About Laina Chan

Recognised as the leading expert in Australia on the interplay between construction and insurance law, Laina has been at the bar since 2004.  She specialises in property law and complex commercial disputes. She recently co-authored with Prof J W Carter the seminal work on Contract and the Australian Consumer Law, Federation Press, 2019.  She is also a contributing author to Bailey’s, Construction Law in Australia, 4th edition, Thomsen Reuters and is responsible for the chapters on professional liability and insuring risk in construction projects.

Counsel as strategists – the early management and resolution of disputes.

As your counsel, Laina strives to achieve the optimal resolution for your dispute utilising her legal, commercial and strategic skills.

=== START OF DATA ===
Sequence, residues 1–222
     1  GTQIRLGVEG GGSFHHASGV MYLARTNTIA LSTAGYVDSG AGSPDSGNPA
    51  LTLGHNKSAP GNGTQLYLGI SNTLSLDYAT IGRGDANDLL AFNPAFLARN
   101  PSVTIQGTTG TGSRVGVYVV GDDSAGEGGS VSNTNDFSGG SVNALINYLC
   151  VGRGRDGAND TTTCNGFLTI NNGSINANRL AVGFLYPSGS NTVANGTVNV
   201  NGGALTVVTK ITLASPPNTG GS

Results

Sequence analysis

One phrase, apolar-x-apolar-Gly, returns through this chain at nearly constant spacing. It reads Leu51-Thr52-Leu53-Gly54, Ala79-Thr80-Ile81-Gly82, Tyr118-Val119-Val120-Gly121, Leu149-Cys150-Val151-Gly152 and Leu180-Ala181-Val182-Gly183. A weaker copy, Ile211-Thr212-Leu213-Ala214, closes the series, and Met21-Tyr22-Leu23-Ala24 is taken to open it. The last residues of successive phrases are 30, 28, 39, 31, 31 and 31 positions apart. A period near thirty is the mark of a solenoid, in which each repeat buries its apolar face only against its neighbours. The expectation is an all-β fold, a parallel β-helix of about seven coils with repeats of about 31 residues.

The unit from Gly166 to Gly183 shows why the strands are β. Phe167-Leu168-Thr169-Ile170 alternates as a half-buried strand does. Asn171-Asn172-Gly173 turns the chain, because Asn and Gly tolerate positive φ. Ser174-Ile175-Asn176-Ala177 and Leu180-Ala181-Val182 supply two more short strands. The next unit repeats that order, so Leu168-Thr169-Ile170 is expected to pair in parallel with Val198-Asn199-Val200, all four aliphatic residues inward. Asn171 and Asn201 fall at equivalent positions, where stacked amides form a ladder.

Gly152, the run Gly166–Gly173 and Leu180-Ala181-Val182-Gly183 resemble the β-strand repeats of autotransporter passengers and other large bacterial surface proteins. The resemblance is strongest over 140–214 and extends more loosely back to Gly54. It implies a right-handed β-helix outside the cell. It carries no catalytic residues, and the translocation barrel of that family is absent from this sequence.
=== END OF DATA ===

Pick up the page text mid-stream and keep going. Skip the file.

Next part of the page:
Laina has a Certificate of Management Excellence (CME) from Harvard Business School having completed programs in negotiation, strategy and leadership.  The negotiation and strategy programs have had a significant impact upon the way Laina approaches dispute resolution.  She has set aside the common adversarial approach to negotiations and has embraced the more open, collaborative and relationship building methodology advocated at Harvard.  The fact that Laina has settled 12 matters in the six months following completion of her Harvard Business School Negotiation course in 2018 is testament to the success of this alternative approach.  This included the settlement of 2 matters which had been the subject of 2 failed mediations at subsequent informal settlement conferences on more favourable terms than had been on the table at the failed mediations.